Fulbright ETAs leave lasting impression

(File pix) Kamala Shirin Lakhdhir (third from left) visiting an exhibition booth at the 2018 Fulbright ETA Showcase. Pix by NSTP/Rohanis Shukri

Being a fluent English speaker involves speaking with speed and clarity. There is no better way to improve English communication skills than by engaging in a conversation with native speakers. At the same time, English learners are exposed to the values, customs and cultural nuances of the native speakers.

This is the premise of the Fulbright English Teaching Assistant (ETA) programme where college graduates and young professionals from the United States are sent abroad for year-long assignments as teaching assistants in classrooms around the world, including Germany, South Korea, Japan, Thailand and Malaysia.

The programme was first established in Malaysia in 2005 as a state-level programme between the Malaysian-American Commission on Educational Exchange (MACEE) and the Terengganu government with only 12 ETAs. The programme was expanded by the US Embassy and the Education Ministry in 2012.

This year, 100 ETAs were deployed to 100 schools in Terengganu, Kelantan, Perak, Kedah, Pahang, Perlis, Melaka, Sabah and Sarawak to boost English proficiency and communication skills among students in rural areas.

ETA Nathan Mathai, 23, from Texas, was stationed at SMK Putra in Jerteh, Terengganu.

New to teaching, Mathai said it is a challenging profession, especially when the students are from the rural side of town. “Teachers make a lot of decisions. We are constantly thinking about what’s happening in the classroom, what activities are going to be next and the extra-curricular aspect of the school.

“It was challenging to come up with activities suitable for all students. Lessons should also cater to students’ proficiency level.

“Warming up to the students, I was trying hard to get them not to be afraid of me because they see me as someone who’s coming to test their English. It took them some time to see me as a friend.

“I am a 23 year-old from US trying to figure out what’s cool for teenagers in a foreign country. I had to find ways where they could naturally be comfortable with English and that was probably with music, so my lessons revolved around that.”

The language barrier did not stop Mathai from being committed to his role as a teacher or a mentor to his students.

“We started from nothing. They didn’t speak English at all, even in English class. In Jerteh, they speak the Kelantanese dialect.

“However, when I see my students improving, it makes everything worth it. I am probably going to tear up as I say this now,” he said.

“One of my students decided to participate in a public speaking camp organised by the ETA programme. I am so proud of her.”

Mathai, who graduated with an accounting degree from the Furman University in South Carolina, plans to pursue his master’s degree in the same field once he returns to US.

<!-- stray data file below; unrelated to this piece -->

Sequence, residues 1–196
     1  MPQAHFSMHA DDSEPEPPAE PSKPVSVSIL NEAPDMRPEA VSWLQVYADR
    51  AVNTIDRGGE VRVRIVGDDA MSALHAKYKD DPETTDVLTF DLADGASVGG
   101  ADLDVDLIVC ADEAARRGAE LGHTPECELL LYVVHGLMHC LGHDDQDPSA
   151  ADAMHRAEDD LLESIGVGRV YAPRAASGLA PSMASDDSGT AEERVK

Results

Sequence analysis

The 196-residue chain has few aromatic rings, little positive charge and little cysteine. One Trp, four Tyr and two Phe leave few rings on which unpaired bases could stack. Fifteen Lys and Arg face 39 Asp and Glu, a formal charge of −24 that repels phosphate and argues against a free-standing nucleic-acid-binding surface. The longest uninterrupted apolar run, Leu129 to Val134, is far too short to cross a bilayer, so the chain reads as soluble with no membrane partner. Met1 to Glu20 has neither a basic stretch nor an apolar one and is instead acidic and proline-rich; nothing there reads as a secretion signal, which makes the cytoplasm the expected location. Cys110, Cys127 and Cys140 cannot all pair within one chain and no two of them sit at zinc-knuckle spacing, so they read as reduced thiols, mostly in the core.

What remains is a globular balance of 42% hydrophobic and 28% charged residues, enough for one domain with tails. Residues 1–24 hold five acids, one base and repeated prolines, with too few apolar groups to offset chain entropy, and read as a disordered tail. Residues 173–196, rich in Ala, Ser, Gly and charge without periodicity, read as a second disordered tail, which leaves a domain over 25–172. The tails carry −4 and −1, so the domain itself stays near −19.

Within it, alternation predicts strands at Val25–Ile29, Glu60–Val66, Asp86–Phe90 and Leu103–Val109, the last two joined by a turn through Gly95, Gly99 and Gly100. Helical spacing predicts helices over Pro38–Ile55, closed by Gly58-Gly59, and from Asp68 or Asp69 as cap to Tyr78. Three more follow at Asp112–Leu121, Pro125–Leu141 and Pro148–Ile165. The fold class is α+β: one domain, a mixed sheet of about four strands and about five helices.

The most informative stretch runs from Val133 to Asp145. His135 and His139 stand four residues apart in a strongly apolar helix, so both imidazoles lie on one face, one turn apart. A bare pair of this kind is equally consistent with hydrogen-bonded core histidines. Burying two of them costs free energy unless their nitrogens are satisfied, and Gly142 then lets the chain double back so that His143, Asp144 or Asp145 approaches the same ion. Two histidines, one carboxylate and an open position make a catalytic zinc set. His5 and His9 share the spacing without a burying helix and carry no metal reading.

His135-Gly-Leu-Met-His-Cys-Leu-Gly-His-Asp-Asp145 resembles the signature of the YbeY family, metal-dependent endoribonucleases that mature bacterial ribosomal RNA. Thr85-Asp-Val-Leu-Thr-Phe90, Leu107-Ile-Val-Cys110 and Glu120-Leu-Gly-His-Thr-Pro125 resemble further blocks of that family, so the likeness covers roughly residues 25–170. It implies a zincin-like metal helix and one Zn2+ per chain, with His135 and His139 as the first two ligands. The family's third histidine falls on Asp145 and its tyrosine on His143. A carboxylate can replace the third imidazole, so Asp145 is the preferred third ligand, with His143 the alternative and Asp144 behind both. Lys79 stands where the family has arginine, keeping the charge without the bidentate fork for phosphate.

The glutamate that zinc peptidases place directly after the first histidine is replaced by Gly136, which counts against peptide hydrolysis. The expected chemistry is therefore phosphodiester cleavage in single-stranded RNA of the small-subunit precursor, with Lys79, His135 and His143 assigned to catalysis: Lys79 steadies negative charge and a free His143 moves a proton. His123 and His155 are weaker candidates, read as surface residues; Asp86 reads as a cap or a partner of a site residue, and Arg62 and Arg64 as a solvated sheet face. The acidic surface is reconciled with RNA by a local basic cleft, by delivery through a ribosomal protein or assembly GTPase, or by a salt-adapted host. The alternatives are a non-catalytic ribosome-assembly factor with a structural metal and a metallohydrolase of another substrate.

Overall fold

To some, teaching is one of the most rewarding professions. Despite the everyday challenges, many find great satisfaction in what they do.

This is what ETA Vanessa Avalone, 23, experienced during her 10 months of teaching in SMK Mudzaffar Shah, Perak.

“I love the fact that I am able to share my knowledge. It is a very fulfilling thing to do.

“At the end of the programme, I saw students coming up to me speaking complete English sentences and raising their hands in class. At first, they were too shy to do all. I am proud of them.”

Apart from teaching, all ETAs go through cultural exchange through direct interaction not only in classrooms, but at home and in routine tasks.

“I love community-based programmes. That is something you don’t get to experience when travelling. Here in Malaysia, I have been invited to iftar, visited temples and tasted all kinds of food.

“Being an ETA, I have grown tremendously as a person. It has also improved my confidence as a teacher, and I learnt a lot about religion and culture living in this diverse and multicultural society.”

Avalone, who graduated from the University of Vermont with a degree in Biology and French, plans to pursue medicine to be a doctor.

After 10 months of teaching and community engagement, the Fulbright ETA programme, involving nine states and 100 secondary schools, came to an end.

At the closing ceremony, students held an exhibition on the activities they have done. Present at the 2018 Fulbright ETA Showcase were US Ambassador Kamala Shirin Lakhdhir, MACEE executive director Suseela Malakolunthu and Deputy Education Minister Teo Nie Ching.

Lakhdir said: “This year, we have more national and international camps and activities. I think that this year’s ETAs worked very hard to develop more activities and programmes for the students.

By MURNIATI ABU KARIM.

Read more @ https://www.nst.com.my/education/2018/11/435272/fulbright-etas-leave-lasting-impression

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